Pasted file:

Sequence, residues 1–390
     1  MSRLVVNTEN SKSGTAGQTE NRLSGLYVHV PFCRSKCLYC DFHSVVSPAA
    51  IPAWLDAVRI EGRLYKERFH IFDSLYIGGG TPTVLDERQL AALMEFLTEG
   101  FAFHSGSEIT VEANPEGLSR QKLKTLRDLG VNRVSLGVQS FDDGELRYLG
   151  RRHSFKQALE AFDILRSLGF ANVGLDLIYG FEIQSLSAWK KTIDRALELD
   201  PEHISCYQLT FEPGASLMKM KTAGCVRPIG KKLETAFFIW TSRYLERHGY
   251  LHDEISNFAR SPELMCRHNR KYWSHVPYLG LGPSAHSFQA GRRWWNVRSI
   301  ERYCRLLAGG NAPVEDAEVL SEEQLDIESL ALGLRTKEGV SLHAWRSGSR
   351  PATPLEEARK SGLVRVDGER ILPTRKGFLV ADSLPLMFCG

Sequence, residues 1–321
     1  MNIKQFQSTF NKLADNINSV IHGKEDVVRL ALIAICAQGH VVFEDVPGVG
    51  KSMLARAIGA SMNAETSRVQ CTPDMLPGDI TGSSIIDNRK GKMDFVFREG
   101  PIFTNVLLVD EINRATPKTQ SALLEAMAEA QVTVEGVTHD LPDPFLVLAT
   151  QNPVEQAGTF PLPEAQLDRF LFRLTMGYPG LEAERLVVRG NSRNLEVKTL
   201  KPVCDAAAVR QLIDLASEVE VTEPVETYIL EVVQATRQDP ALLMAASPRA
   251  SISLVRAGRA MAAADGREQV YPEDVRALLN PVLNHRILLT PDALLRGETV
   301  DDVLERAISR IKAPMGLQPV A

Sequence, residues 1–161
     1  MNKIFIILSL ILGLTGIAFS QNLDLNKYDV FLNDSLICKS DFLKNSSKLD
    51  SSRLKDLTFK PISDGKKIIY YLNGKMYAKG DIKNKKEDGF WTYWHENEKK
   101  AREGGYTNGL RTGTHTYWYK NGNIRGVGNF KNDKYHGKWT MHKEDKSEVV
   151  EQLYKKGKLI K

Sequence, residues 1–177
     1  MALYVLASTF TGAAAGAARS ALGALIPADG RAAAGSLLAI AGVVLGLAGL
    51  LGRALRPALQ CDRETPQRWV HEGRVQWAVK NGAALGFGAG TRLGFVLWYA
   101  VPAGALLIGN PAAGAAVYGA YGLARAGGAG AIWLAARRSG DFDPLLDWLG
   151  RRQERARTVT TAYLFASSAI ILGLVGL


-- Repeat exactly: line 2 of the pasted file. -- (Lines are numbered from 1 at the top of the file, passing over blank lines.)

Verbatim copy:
     1  MSRLVVNTEN SKSGTAGQTE NRLSGLYVHV PFCRSKCLYC DFHSVVSPAA